Weekly Meditation - 11th June 2017
2 Corinthians 13:11-13
There are no Trinity proof-texts in the Bible – no single verse that incontrovertibly proves that God is three persons in one, and the word 'trinity' does not appear. Some Bible critics claim that the doctrine of the Trinity was cobbled together centuries after the Scriptures were written in order to settle a dispute within the Church and to counter the heresies of Arius.
However, the lectionary readings today give the lie to that idea. The teaching of the Trinity is, in fact, present throughout the Scriptures, and although it is never stated that there are three equal Persons who together are God, one is left with no other conclusion to draw. I know this is true because I became a Christian by discovering that very doctrine – much against my will - within the pages of the Bible.
In Psalm 8, we meet with the Lord who has created the glorious heavens, whose glory is above even the starry skies. Majestic and powerful - as we envisage the Father - he is nevertheless described as 'mindful' of humans, recalling to us the compassion of the Son.
It is because of the intricate and complex nature of the Godhead that Christians acknowledge each Person of the Godhead in their prayers. Jesus left commands with his followers to make disciples of people of all the nations. They were to be baptised 'in the name of the Father and of the Son and of the Holy Spirit' (Matthew 28:19-20). Of course, simply mentioning three individuals together does not make them one. In this case, however, although there are three persons, there is only one name – each is the Lord, each is God.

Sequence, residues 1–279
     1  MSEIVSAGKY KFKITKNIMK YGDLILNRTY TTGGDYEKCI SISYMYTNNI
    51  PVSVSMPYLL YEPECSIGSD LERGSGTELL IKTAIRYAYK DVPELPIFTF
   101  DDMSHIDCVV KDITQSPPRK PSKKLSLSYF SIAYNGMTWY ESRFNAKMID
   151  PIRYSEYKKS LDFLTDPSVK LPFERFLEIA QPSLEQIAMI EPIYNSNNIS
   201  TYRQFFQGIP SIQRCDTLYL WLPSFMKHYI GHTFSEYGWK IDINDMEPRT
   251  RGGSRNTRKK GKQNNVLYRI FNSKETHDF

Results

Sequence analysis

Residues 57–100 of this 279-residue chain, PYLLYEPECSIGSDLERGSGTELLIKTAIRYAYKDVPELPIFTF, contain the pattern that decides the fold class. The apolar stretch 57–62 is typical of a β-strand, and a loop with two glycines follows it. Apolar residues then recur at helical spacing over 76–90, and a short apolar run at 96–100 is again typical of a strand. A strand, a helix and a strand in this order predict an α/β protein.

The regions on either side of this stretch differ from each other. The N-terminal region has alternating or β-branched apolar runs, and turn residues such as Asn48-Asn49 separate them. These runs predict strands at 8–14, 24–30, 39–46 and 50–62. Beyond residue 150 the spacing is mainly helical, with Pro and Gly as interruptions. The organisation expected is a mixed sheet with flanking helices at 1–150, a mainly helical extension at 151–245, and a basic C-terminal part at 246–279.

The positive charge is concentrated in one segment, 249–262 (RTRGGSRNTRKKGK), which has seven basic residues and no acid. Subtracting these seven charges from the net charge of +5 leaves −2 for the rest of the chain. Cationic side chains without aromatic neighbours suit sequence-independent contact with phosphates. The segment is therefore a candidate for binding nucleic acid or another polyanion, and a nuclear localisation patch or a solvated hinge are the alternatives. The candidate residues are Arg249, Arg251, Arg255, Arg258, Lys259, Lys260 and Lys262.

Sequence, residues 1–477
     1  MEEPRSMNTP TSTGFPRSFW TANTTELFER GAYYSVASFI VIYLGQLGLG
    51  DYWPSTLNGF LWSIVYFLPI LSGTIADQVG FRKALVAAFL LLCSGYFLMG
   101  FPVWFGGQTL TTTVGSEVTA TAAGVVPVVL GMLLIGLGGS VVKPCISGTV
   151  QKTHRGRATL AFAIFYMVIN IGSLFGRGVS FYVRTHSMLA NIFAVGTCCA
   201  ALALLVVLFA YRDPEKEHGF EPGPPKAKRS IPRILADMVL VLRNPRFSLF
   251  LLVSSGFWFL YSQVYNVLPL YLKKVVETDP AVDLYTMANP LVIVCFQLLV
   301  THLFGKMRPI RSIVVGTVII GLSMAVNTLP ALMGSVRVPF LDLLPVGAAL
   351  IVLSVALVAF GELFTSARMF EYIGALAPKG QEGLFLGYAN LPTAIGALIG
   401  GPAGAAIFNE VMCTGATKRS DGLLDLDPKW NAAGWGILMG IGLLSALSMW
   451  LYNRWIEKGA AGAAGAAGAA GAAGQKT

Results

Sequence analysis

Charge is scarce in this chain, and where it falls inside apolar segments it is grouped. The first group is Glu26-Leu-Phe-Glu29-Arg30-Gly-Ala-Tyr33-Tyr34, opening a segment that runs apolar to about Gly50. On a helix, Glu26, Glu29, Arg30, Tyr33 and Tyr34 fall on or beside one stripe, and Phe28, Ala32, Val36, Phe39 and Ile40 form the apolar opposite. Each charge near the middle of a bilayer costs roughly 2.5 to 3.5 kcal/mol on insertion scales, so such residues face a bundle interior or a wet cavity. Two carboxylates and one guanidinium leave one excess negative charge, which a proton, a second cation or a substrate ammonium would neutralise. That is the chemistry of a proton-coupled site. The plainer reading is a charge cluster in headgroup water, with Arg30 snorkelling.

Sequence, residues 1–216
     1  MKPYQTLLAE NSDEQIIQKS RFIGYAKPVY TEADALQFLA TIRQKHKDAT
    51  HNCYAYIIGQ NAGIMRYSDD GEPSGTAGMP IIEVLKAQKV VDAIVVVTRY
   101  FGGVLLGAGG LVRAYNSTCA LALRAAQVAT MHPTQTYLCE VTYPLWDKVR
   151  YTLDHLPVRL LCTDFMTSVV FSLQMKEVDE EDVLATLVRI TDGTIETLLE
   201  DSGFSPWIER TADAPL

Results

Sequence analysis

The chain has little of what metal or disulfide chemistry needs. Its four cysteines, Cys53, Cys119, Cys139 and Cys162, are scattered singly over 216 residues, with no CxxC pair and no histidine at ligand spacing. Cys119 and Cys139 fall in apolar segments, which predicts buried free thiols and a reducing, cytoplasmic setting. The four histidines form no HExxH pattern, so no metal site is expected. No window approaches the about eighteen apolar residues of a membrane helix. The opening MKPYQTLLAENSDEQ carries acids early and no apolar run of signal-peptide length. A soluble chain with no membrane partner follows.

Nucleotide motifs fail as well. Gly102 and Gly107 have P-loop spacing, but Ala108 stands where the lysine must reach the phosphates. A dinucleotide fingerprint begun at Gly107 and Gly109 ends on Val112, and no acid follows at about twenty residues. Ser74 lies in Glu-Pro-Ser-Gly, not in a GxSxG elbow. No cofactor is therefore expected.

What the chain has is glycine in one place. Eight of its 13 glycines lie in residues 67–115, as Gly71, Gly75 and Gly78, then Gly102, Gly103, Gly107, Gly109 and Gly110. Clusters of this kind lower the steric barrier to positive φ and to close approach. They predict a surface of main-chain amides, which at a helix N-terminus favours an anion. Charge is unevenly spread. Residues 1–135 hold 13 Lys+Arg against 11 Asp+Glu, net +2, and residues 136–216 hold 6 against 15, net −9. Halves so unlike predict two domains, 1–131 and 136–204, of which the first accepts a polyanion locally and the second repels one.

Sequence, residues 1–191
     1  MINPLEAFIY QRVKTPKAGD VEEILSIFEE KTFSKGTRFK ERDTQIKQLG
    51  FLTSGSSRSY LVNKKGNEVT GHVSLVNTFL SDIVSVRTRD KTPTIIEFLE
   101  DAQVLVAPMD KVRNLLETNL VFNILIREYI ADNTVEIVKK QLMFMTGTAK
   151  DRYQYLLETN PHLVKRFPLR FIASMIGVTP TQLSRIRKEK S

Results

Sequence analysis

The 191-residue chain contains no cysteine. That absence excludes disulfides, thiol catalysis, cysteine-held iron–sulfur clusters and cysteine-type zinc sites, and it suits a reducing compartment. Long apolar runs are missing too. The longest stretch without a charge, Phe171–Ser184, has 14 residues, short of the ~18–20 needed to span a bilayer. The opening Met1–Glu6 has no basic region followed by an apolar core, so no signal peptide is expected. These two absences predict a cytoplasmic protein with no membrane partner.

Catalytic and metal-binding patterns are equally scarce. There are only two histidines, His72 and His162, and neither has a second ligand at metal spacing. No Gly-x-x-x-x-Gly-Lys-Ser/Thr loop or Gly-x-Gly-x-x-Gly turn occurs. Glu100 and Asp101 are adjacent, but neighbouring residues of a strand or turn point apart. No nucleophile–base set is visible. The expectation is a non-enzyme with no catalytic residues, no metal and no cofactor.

When Paul signed off his second letter to the Corinthian church, he ascribed a different significant quality to each, naming the grace of Jesus, the love of God and the fellowship of the Holy Spirit. In doing so, however, he accorded them equal importance. The three persons of the Godhead are co-equal and co-eternal; all are omnipotent and omniscient. Although in compete unity, they each have different functions.
We call the doctrine of the Trinity a mystery. Human minds can never fully encompass the concept of a God who exists as three individual persons. No illustration or analogy is satisfactory – some are completely inadequate. Preachers who say 'God is just like ...' are missing the point. He is like nothing else. He is certainly not like water which exists in three forms – ice, water and steam – because these forms cannot exist simultaneously in the same body of water, but God is Father, Son and Spirit at all times. The closest we can come to a meaningful analogy is to compare God to the sun which is all at once a heavenly body, light and heat, but even this falls far short of the reality.
The doctrine is not to be feared, however. Together with the doctrine of salvation by grace, it characterises the Christian faith, making it unique. It is a doctrine in which to rejoice because it means that we have a God who is intimately involved with humans, one who came himself to save us, and who himself fills and empowers us.
Written by Susan Thorne